Story has been updated to include Delta share price and IATA's withdrawal of the sizing initiative.
NEW YORK ( TheStreet) -- Delta ( DAL) said Tuesday it was unhappy with an airline industry trade group's effort to implement a smaller standard size for carry-on bags, and now the trade group has halted the effort.
The Geneva-based International Air Transport Association, which represents 258 carriers in 117 countries, said last week that it has initiated a program called "Cabin OK" to reduce bag size from the standard used by most U.S. carriers.
On Wednesday, IATA announced it was "halting the rollout "and beginning a comprehensive reassessment in light of concerns expressed, primarily in North America."
Perhaps the most significant opponent of the program was Delta, which declared in a press release Tuesday that it "has no plans to reduce the size allowance for carry-on bags.
"We are concerned IATA called for a change without input from airlines," Delta said. "Our focus and investment in the carry-on experience have been on installation of larger bins on domestic and international aircraft, and will continue to be on delivering the reliable bag service -- checked or carry-on --- that Delta customers have come to expect."
The IATA proposal also prompted an outcry from some Democrats in the U.S. House and Senate.
IATA said Wednesday that "interest in the Cabin OK program has been intense.
However, "while the value of this initiative has been welcomed by many, including a growing list of airlines expressing interest in the program, there has also been much confusion," the trade group said. "In North America particularly, there have been significant concerns raised in the media and by key stakeholders."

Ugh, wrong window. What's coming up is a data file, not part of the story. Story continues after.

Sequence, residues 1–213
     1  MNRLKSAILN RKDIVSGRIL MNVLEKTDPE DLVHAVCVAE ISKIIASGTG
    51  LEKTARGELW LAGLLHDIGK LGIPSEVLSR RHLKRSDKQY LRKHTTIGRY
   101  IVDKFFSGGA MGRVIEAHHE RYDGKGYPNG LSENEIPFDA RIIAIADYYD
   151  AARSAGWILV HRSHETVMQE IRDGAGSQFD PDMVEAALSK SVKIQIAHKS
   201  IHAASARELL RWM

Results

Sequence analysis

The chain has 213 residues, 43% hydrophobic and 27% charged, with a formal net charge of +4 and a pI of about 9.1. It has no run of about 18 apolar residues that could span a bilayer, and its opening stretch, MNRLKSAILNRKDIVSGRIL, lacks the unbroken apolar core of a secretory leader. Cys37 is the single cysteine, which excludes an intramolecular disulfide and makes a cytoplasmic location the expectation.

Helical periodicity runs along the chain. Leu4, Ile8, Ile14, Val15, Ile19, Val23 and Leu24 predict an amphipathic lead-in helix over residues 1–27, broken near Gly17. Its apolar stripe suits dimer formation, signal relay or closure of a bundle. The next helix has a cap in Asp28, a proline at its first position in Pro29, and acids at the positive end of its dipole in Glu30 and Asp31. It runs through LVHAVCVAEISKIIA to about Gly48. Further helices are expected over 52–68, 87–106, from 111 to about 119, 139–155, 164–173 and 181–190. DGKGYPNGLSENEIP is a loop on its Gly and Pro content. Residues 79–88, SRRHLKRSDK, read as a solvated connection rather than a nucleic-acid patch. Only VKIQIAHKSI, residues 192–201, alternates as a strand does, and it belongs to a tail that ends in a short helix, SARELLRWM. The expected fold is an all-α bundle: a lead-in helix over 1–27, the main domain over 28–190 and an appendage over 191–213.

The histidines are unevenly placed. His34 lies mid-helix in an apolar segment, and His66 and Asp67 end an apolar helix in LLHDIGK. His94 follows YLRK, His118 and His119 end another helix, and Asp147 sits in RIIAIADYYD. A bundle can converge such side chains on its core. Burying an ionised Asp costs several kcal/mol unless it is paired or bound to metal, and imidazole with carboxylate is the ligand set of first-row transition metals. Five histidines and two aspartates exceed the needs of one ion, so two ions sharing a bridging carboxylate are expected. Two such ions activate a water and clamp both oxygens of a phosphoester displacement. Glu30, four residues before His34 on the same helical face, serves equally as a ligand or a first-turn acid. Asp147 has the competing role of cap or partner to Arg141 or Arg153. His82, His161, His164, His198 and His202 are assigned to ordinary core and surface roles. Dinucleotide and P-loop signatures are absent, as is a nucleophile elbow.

On June 9, IATA introduced the new guidelines for carry-on bags -- stipulating 21.5 inches by 13.5 inches by 7.5 inches -- as it sought to address the ubiquitous problem of too little bin space to meet passenger demand.
IATA issued a clarification on June 12, saying its proposal had been "misunderstood in some reporting." If the size guideline were to be "fully embraced by passengers, everyone would have a chance to travel with their carry-on bags on board aircraft of 120 seats or larger even when the flight is full," IATA said.
The "Cabin OK" guideline is not a maximum size limit, IATA said. Rather, it involves a method for identifying approved bags so that select bags, identified with a Cabin OK logo, will be given "priority to stay on board the aircraft when all carry-on bags cannot be accommodated in the cabin.
"Cabin OK is not a revenue generating scheme for the airlines," IATA said. "For the vast majority of airlines, the current practice when all baggage complying with maximum size limits cannot fit into the cabin storage is to check this baggage in the aircraft hold free of charge. The Cabin OK initiative will not change this practice."
Nevertheless, U.S. Rep. Steve Cohen (D-Tenn.) on Monday introduced a bill to prevent U.S. airlines from adopting the smaller size standard. On Tuesday, Sen. Bob Menendez (D-N.J.) sent a letter, co-signed by five other Democratic senators, to 10 major U.S. airlines, urging them not to reduce the current size standard.
If the carriers do reduce the standard, Menendez wrote, they should also eliminate fees for checked bags. Since 2008, airlines have collected $21 billion in bag fees, he said, noting, "These fees are not taxed and provide no new benefit to consumers -- in fact, the understandable decision of more travelers to rely on carry-on luggage often makes boarding a plane cumbersome and difficult."
In early afternoon trading on Wednesday, Delta shares were down one cent to $40.56. Most other airline share prices also showed minimal fluctuation.